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Why Athletes Need Baseline Concussion Testing

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Copyright 2018 Dayton Newspapers, Inc.

Dayton Daily News (Ohio)

 

There is something amazing about watching an Olympic athlete. They put all of their physical, mental and emotional energy into a lifetime of training, all for the chance to compete at the elite level. To see one suffer an injury is heartbreaking, but it may be the best time to talk about sports safety and the steps to take to protect your child athlete.

"While some sports have a higher risk for concussions, head injuries can happen anytime, anywhere. That's why it's important that all athletes get abase-line test every year, before the season starts," says Lora Scott, MD, medical director of sports medicine at Dayton Children's. "In order to say a concussion is better, you have to feel better, have a normal exam, and make sure your brain works. One of the best ways to check if your brain works is to do acomputer test that checks things like memory and reaction time. The baseline test is offered pre-injury, when a child's brain is working best for him or her."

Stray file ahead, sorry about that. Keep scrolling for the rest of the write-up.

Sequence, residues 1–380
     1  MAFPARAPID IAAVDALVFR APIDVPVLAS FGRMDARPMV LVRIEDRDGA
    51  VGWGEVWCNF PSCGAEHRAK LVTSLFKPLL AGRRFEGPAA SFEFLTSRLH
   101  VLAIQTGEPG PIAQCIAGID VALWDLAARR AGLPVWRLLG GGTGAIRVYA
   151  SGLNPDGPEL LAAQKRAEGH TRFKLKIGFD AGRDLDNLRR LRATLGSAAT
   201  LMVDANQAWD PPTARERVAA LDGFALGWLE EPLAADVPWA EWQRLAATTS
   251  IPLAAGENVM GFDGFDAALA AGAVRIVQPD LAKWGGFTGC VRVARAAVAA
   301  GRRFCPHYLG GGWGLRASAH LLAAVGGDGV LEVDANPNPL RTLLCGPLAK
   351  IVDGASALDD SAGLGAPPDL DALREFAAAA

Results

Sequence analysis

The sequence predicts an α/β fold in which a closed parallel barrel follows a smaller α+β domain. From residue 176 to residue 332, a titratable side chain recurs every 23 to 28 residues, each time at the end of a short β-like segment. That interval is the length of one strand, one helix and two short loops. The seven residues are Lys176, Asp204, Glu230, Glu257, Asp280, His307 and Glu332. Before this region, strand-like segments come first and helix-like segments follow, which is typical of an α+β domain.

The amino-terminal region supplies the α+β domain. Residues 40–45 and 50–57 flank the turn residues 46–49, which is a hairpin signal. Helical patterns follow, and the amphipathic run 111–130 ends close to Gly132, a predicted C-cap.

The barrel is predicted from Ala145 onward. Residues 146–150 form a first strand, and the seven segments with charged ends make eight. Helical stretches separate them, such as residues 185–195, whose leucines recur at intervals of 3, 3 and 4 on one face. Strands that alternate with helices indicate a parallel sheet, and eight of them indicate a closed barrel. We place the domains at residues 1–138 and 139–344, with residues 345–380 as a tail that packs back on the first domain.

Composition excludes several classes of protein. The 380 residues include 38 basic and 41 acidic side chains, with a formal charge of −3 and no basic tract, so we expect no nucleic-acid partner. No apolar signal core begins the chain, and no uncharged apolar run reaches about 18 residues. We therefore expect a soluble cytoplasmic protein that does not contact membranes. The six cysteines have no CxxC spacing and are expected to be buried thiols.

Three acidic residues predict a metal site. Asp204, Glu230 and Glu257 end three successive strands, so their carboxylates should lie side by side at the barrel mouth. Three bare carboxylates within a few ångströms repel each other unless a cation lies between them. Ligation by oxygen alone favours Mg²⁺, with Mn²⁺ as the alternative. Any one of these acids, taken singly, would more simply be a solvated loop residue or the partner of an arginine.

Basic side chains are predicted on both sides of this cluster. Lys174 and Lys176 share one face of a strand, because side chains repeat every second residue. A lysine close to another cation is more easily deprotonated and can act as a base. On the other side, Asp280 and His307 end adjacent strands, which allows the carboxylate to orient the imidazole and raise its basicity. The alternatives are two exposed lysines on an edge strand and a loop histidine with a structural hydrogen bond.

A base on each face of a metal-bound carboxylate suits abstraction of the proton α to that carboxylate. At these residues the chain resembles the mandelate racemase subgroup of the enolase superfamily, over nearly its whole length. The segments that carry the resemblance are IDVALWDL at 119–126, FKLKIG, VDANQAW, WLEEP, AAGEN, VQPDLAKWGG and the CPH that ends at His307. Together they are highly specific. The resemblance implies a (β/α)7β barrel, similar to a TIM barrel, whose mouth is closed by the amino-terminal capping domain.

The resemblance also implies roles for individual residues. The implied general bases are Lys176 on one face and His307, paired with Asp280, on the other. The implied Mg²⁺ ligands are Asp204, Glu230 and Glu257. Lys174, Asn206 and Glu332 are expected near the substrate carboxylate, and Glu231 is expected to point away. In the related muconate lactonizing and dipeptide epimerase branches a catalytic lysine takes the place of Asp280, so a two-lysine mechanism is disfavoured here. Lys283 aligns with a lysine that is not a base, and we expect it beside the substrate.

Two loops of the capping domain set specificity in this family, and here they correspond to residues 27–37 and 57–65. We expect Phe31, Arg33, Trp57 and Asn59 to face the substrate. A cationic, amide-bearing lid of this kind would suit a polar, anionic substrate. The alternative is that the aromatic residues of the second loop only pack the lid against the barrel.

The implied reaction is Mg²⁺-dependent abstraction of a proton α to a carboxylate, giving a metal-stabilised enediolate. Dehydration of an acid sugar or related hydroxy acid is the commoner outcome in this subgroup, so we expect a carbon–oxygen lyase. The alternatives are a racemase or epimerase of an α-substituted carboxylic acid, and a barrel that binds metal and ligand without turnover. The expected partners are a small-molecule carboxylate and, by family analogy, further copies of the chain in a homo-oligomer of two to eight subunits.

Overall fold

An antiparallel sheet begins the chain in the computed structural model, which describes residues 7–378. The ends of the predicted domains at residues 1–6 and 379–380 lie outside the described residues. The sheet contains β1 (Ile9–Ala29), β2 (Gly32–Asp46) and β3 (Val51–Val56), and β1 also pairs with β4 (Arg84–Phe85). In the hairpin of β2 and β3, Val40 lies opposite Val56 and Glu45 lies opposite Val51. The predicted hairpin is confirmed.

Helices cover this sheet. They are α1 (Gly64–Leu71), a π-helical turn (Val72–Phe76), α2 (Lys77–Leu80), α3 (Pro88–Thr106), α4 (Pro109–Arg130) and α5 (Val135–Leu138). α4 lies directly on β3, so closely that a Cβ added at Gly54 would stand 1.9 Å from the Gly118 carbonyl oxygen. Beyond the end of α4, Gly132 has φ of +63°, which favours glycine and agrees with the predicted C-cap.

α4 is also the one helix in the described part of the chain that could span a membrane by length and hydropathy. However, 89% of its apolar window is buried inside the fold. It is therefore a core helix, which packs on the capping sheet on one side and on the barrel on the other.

To check if the brain works, Dayton Children's uses a concussion testing system called Neurocognitive Sports Computerized Cognitive Assessment Tool (CCAT) to help measure the cognitive function of child and teen athletes after suspected concussions or traumatic brain injuries (TBI). It's a simple test done on a computer, similar to playing a game.

In a baseline test, CCAT uses four simple tasks to measure brain function and the ability to process information. After an injury, testing can be repeated in clinic and compared with baseline test results. Testing after an injury is most helpful when athletes have a baseline, pre-injury test to use as a comparison. This helps doctors determine when brain function returns to normal.

Athletes who have a concussion without a baseline test can still be treated in a sports medicine clinic after an injury. However, determining when they are back to "normal" is more difficult because their tests can only be compared to the baseline test results of athletes of similar age and gender. "Each child is unique, therefore having a baseline for your child is extremely helpful in managing a concussion, should one occur. Comparing the pre-and post-concussion test scores can help determine when an athlete is ready to return to normal activities," says Dr. Scott.

Dayton Children's offers free baseline testing on awalk-in basis to children ages 10-21. Please call any outpatient testing center or the sports medicine clinic, at 937-641-3939, for more information such as hours or best times.

This look at a children's health or safety issue comes from Dayton Children's Hospital. Email: newsroom@childrensdayton.org

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February 27, 2018
 
 
 

 

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